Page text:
“I discovered that I could be smart and capable and valuable for something that had nothing to do with Hollywood. This is me. And it felt great.”
In this powerful and inspirational video, Wonder Years actress Danica McKellar shares how her discovery of mathematics in college helped her discover she is so much more than a former child star. Knowledge truly is power!
Most adults hate math. Many of us cringe when we think back on high school geometry, we put blind faith in calculators and we wrinkle our noses when leaving the tip at dinner. (Just move the decimal one place to the left and double it…or not, it’s your reputation on the line).
Though it’s too late for some of us, we might be encroaching on an era in which all kids and adults achieve a strong understanding of mathematic principles. That’s because there’s been substantial talk recently about shifting to an inquiry-based, hands-on approach to teaching math.
A couple weeks ago, MindShift, which explores the future of learning, highlighted an article from “The Atlantic” titled “Teaching Math to People Who Think They Hate It.” This led me to a website that is loaded with ideas for inquiry-based math education. Check out the Human Calculator and the reaction it gets from students. These new-age problems leave me frustrated, but they are a lot more intriguing than the “Car A leaves New York, Car B leaves Los Angeles, where do they meet?” type of problems I was subjected to in grade school.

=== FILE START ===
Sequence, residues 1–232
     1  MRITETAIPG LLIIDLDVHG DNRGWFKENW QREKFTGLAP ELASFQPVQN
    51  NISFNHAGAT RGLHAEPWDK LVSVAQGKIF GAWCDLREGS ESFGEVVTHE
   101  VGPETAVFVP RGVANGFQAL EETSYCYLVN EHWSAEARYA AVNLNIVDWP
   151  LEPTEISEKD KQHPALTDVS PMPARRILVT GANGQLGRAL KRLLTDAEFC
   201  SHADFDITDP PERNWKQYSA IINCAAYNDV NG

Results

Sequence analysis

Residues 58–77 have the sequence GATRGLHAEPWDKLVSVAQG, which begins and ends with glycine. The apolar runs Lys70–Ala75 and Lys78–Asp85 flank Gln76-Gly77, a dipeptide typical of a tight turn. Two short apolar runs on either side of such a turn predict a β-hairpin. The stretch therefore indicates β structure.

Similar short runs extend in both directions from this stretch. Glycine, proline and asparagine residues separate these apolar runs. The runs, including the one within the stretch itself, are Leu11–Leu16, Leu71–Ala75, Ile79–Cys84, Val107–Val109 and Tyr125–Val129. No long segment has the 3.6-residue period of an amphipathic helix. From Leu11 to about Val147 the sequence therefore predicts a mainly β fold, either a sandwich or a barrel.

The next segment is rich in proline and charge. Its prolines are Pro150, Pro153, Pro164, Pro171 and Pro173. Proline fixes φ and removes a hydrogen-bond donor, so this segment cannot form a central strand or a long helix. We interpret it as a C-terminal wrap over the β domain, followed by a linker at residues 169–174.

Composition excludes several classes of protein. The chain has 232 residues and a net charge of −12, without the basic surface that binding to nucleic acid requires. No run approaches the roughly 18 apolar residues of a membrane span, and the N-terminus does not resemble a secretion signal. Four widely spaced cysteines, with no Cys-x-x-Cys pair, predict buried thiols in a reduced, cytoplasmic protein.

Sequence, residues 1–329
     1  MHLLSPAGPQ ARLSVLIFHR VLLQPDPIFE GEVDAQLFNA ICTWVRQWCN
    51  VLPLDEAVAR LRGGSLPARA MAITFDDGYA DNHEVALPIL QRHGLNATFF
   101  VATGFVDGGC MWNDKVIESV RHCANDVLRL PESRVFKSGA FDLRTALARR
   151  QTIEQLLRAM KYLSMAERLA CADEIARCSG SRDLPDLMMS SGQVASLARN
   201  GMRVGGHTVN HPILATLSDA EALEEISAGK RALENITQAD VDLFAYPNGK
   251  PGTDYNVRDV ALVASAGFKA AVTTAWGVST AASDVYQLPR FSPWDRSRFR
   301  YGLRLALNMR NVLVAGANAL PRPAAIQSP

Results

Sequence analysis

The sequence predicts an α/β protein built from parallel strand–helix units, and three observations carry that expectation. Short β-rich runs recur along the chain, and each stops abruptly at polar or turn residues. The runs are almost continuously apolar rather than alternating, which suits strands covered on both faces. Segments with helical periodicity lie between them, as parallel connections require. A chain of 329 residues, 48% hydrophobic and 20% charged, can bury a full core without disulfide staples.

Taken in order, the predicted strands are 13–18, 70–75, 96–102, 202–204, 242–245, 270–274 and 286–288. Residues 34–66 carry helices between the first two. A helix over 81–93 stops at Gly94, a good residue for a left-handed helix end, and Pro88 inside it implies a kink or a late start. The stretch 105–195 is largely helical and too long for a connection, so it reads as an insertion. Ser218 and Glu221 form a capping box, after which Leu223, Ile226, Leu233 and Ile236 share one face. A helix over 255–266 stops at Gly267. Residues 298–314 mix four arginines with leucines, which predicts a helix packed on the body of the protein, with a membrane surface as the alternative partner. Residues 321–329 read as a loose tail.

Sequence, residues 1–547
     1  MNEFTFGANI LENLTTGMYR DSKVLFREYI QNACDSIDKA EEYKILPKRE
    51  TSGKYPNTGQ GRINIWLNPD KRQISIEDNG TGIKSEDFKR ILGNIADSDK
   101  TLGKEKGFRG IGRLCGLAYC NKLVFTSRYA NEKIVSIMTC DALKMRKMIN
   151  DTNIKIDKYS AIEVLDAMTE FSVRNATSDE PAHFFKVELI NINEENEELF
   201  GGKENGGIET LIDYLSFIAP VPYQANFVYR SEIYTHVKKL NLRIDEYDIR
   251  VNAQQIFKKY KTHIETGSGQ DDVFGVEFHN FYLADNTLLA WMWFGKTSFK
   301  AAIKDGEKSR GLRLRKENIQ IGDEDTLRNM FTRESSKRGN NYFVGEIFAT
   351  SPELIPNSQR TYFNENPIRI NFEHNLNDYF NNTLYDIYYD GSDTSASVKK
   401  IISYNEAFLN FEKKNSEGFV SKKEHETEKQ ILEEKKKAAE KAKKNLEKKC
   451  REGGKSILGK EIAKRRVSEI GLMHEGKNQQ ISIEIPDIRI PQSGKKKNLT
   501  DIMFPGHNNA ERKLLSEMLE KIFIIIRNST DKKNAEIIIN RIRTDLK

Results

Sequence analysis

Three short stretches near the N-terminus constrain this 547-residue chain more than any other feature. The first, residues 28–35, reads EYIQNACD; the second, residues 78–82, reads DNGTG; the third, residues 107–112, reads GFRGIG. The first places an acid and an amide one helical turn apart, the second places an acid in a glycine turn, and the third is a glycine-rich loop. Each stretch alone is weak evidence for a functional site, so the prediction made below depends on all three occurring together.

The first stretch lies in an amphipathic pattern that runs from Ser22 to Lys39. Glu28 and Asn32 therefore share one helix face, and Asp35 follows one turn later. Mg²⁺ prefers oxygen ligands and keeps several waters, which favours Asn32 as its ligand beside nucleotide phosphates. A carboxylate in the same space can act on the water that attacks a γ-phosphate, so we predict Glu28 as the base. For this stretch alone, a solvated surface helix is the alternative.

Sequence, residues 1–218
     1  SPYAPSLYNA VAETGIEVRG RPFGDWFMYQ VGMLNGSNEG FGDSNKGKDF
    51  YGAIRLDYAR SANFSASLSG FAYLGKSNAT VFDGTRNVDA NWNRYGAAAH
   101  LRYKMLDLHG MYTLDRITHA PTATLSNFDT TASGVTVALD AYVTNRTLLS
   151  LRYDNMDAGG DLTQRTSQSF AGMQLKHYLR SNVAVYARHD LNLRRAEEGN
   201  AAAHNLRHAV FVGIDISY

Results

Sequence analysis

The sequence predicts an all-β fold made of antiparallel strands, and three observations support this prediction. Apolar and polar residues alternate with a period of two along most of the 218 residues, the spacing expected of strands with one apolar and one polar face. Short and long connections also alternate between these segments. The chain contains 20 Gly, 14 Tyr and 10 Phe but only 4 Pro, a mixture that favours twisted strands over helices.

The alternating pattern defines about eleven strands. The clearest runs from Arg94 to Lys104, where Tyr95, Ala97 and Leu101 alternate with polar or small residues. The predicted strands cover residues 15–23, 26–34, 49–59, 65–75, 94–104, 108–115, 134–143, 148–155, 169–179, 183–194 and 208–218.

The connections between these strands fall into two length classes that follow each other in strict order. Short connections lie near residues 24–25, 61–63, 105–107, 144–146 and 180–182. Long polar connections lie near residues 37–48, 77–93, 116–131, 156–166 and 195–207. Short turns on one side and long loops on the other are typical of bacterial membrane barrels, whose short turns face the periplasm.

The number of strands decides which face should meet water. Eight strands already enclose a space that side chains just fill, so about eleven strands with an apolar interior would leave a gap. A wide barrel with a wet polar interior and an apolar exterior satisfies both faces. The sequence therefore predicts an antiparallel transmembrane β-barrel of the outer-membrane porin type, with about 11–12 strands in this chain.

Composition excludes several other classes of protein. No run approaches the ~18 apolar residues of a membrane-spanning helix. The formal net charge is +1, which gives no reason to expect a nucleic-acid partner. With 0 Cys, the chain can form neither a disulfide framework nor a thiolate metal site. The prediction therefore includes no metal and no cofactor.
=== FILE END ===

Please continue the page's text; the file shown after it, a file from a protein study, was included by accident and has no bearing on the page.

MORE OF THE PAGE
Joining the chorus of voices dedicated to making math education fun and entertaining is Odd Squad, a new show coming to WPT on Wednesday, Nov. 26. The show uses curriculum-based content, witty story lines and lovable characters to help kids ages 5-8 learn math. In each episode, these young agents save the day (with a little math) when something unusual happens.
Just check out this behind the scenes video with Odd Squad creators Tim and Adam to see how fun math has become and to learn about their sneaky little way to teach math to kids.
I’m pleased to say today’s teachers are making math education much more practical, intriguing and entertaining. And if we can apply some sort of Common Core standards to the Odd Squad cast’s funky dance moves, those awkward P.E. classes may be a thing of the past also.